A couple of months ago, Donald Trump delivered remarks at a closed-door fundraiser in Missouri, where he whined about, among other things, U.S. troops stationed in South Korea. In fact, as the Washington Post reported, the Republican president suggested he might abandon military support for our ally unless South Korea satisfies his demands on trade.
“We have a very big trade deficit with them, and we protect them,” Trump said. “We lose money on trade, and we lose money on the military. We have right now 32,000 soldiers on the border between North and South Korea. Let’s see what happens.” He added, “Our allies care about themselves. They don’t care about us.”
Putting aside his factual errors – we don’t actually “lose money” on trade with South Korea – it was bizarre to hear an American president threaten to pull security support for a longtime American ally. All of this seems relevant anew in light of NBC News’ reporting on White House Chief of Staff John Kelly and his difficult interactions with his boss in the Oval Office.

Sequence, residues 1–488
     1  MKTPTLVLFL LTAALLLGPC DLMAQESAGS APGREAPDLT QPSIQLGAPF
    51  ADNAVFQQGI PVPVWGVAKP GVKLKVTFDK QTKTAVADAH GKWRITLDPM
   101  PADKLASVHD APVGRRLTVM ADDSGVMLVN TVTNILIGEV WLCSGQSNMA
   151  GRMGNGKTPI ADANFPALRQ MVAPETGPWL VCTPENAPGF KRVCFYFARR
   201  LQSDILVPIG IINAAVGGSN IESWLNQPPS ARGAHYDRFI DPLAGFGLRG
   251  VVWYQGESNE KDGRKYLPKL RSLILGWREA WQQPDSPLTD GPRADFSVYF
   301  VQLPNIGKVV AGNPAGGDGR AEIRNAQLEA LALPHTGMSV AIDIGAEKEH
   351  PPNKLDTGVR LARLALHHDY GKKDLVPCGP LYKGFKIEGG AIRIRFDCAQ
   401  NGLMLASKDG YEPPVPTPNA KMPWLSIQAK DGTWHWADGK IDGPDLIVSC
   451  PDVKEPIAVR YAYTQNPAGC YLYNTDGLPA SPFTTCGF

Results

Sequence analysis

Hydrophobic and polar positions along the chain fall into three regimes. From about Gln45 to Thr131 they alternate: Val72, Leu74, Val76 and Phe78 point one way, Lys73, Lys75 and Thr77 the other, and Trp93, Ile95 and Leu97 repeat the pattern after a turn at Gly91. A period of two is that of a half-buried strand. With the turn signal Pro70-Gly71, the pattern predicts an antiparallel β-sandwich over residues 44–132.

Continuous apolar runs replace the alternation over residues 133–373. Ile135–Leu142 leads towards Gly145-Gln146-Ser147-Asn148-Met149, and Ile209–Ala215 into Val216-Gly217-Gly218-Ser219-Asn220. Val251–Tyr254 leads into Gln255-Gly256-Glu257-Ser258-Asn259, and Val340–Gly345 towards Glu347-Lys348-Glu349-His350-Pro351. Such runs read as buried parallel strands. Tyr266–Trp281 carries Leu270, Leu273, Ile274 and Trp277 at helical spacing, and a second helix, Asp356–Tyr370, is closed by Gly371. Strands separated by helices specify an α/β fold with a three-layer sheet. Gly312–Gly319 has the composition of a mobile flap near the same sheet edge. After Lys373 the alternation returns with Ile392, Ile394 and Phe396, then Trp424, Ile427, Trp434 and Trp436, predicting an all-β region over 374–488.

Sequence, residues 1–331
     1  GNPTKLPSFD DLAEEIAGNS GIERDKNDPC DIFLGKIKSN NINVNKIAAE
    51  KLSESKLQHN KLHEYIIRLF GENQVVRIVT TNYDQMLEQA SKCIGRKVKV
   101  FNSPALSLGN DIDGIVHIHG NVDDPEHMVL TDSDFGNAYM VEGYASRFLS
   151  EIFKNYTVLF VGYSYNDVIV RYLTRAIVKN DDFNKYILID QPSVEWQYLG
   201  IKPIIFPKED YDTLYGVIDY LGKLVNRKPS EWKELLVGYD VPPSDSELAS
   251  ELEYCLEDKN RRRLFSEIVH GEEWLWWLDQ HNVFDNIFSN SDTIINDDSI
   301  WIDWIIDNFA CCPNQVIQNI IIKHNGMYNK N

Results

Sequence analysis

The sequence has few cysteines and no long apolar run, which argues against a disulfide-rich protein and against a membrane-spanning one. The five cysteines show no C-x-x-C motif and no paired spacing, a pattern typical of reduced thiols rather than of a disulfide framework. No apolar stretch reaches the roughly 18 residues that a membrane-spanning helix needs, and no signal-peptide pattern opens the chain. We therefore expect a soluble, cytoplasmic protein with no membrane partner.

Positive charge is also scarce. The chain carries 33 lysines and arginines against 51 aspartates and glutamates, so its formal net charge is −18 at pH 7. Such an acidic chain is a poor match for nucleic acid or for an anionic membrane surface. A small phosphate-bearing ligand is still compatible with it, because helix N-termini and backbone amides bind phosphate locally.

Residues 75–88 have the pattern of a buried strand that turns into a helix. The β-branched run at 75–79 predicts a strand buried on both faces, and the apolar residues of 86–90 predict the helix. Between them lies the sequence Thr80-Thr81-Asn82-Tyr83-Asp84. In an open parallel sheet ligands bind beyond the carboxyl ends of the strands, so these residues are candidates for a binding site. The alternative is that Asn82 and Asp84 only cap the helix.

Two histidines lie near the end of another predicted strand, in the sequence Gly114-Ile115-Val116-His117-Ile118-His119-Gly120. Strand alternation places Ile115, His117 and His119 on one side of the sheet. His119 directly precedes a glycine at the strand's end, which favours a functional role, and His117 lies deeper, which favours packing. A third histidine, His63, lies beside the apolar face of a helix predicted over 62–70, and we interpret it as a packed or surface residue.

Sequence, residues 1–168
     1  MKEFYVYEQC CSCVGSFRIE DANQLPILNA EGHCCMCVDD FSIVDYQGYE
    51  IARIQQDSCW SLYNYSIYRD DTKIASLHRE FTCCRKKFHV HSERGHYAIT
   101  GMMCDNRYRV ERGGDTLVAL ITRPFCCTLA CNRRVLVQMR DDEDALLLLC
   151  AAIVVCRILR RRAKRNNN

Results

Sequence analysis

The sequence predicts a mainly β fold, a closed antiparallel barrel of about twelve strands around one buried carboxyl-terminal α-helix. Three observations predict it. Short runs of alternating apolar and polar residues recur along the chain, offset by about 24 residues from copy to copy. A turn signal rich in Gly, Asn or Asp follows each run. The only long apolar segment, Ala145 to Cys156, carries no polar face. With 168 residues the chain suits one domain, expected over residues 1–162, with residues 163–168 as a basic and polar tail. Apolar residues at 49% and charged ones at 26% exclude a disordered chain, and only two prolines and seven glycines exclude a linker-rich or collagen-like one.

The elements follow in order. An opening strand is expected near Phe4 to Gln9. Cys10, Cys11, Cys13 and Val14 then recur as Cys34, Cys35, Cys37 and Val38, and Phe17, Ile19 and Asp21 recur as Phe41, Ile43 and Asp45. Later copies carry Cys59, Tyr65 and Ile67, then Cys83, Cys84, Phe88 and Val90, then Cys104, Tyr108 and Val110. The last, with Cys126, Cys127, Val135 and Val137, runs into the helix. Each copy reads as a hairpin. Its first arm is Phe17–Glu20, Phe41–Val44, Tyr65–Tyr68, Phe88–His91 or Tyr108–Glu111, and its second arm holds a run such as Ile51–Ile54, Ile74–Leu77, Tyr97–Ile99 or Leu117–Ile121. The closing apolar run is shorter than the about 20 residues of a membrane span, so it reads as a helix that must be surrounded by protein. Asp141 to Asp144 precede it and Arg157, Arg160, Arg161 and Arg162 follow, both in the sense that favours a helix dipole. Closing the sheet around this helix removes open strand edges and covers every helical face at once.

[Kelly[ has also pushed back against the president on some foreign policy and military issues, current and former White House officials said.
In one heated exchange between the two men before February’s Winter Olympics in South Korea, Kelly strongly – and successfully – dissuaded Trump from ordering the withdrawal of all U.S. troops from the Korean Peninsula, according to two officials.
Regular readers know I’ve long marveled at Trump’s antagonism toward South Korea, but NBC News’ report takes these concerns to a whole new level.
Let’s also not forget the larger context. North Korea would be delighted if American troops were no longer on the peninsula, and the American president seems surprisingly eager to make Kim Jong-un happy.
Trump has praised the North Korean dictator’s intelligence and honor. Trump agreed, with little forethought or planning, to meet Kim Jong-un for bilateral talks, delivering one of North Korea’s long-sought goals. Trump has apparently even considered removing troops from South Korea.
Let’s not discount the possibility that the American president is even worse at deal-making than many of his critics fear.